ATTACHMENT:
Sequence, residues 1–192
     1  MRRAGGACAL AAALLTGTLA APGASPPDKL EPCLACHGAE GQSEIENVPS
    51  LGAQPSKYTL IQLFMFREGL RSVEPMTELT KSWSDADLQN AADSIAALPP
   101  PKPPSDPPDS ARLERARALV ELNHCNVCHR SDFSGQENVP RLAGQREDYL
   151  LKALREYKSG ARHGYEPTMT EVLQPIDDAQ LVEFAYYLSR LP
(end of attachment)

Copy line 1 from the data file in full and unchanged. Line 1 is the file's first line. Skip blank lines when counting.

Sequence, residues 1–192